It’s that time of year when Emory starts
slowing down and the campus begins emptying, as faculty and students
make their way to distant points around the globe. Whether they
are returning home, studying abroad or researching away from campus,
Clifton Road becomes just one address amongst many.
This mass migration from campus used to mean leaving behind Emory’s
electronic universe of e-mail, file sharing and digital research
tools, as well. At best, displaced faculty and students fumbled
with modem settings in far-off lands, hoping to get a connection
to Emory and access to the tools they needed. At worst, the material
simply wasn’t available.
That world has changed. Emory faculty, staff and students who have
e-mail accounts on the Information Technology Division’s (ITD)
servers now can access their e-mail via the World Wide Web. Available
Webmail allows access to your inbox, online folders and an address
book through any Internet browser. Whether sipping an espresso at
a cyber café in Paris or accessing the web in a colleague’s
office in Tokyo, all you need is this address.
File sharing has been radically simplified as well. Recently, ITD
announced a new service, Emory Webdrive, that allows users to store
files in a personal web directory accessible from anywhere in the
world. Users can set up folders, add and delete files, and access
those files and folders using simple commands—all through
a web browser.
To learn how to use the new service, visit http://webdrive.service.emory.edu.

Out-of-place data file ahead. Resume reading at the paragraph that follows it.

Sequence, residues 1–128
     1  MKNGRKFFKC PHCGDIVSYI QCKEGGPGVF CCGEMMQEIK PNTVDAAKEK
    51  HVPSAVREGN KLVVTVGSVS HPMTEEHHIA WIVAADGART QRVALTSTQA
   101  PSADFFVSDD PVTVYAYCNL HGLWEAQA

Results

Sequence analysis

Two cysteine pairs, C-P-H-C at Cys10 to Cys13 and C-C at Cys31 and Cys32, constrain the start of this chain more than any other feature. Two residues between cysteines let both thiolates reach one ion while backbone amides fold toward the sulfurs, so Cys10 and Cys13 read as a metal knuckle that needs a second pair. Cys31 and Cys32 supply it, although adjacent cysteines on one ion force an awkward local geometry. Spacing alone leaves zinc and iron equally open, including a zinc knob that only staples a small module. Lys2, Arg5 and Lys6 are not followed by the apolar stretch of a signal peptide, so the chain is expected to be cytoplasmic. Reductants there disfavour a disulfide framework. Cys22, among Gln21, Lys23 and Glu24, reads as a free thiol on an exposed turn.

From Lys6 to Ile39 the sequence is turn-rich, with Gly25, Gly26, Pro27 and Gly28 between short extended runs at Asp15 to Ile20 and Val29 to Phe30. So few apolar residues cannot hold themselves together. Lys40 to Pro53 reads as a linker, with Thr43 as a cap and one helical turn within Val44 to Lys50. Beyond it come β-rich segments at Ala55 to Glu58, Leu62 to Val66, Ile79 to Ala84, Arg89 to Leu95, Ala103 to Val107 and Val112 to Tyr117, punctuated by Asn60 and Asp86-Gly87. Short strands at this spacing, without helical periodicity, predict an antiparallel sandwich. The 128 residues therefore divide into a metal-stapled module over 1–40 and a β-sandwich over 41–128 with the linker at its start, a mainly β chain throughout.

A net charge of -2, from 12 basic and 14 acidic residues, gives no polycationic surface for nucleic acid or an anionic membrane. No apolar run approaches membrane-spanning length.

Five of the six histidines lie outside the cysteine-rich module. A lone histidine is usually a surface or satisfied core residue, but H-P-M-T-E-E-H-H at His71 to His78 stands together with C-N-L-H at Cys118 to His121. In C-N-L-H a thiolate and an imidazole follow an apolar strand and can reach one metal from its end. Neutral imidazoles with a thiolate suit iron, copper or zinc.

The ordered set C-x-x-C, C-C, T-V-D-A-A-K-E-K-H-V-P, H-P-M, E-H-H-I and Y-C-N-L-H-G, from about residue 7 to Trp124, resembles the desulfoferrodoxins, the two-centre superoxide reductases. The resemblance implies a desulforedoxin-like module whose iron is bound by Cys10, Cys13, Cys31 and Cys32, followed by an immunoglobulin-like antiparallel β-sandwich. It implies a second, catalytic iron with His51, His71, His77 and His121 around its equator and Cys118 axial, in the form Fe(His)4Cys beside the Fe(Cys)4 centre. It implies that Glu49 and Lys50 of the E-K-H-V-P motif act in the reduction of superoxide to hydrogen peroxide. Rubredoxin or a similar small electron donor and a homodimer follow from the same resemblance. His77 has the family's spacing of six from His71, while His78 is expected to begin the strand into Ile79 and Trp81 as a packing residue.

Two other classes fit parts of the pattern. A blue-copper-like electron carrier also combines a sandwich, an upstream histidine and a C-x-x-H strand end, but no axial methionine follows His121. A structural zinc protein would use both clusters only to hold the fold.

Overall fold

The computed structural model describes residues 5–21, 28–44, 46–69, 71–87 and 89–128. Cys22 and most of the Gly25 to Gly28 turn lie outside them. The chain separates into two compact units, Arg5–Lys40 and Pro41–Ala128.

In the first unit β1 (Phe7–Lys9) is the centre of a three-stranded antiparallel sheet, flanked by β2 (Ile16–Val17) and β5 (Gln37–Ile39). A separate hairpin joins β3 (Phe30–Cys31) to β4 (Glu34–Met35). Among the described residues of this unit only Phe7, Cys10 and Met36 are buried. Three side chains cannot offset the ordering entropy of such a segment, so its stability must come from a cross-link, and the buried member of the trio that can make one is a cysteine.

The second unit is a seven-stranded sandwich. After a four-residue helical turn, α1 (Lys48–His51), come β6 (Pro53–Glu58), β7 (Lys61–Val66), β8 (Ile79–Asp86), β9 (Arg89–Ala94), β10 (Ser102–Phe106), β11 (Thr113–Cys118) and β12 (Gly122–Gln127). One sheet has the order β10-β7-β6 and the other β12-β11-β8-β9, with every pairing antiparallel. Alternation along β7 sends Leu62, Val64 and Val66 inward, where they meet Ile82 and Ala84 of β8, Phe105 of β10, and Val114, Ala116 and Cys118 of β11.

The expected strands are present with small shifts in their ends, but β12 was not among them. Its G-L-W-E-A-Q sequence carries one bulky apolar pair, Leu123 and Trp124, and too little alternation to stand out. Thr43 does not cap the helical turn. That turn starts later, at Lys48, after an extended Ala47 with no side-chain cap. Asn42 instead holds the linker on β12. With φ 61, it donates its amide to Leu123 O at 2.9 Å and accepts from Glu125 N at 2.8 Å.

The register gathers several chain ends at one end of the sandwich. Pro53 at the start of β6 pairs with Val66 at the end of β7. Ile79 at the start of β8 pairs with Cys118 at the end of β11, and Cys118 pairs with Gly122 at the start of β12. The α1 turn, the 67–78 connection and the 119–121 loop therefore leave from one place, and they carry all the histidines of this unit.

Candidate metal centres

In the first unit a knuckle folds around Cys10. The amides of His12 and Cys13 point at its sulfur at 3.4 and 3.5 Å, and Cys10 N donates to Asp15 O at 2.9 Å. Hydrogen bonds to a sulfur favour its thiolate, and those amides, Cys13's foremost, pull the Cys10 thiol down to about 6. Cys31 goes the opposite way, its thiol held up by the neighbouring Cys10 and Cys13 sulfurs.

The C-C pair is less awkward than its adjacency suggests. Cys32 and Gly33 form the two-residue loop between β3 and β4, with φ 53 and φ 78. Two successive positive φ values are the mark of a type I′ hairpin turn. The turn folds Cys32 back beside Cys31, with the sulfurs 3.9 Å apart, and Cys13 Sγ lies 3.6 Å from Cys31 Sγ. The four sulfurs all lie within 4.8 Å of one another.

All faculty, staff and students have pre-created accounts that are
synchronized with their Emory network IDs and passwords. Faculty
and graduate students have 50 megabytes of disk space; undergraduate
students and staff automatically receive 20 megabytes.
What is particularly exciting about Emory Webdrive is that it not
only breaks down the technical and geographical boundaries for file
sharing, it also allows colleagues and/or students to collaborate
between different locations. For instance, within Webdrive, an Emory
account holder can identify a non-Emory colleague in California
as having permission to review a document or presentation for a
fixed period of time. Once that time period is over, the document
is no longer accessible for that individual.
Group space also is available on Emory Webdrive. Individual departments
can request up to a gigabyte of space for research projects and
initiatives. Collaboration from across campus or across the country
can be enabled with data sets, presentations, images and documents—all
“shareable” with anyone who has been given appropriate
Finally, in the “olden days,” many databases offered
by Emory’s libraries were accessible only on campus or through
the University modem pool. Now, the Information Gateway (www.library.emory.edu/IG)
overcomes this limitation and allows faculty, students and staff
to use their Emory personal ID to access resources from any location
with web access. Whether the need is for a Medline abstract or a
definition from the Oxford English Dictionary, hundreds of databases
now are available online. In addition, thousands of full-text electronic
journals are available through the libraries’ eJournals database
The World Wide Web has been widely available for less than 10 years.
In that short time, it has changed the way people find news, track
finances, arrange travel and research information. With Webmail,
Emory Webdrive, the Information Gateway and the eJournals database,
those changes now reach deep into the scholarly world. Whatever
your summer travel plans, Emory’s virtual home will be just
one click away.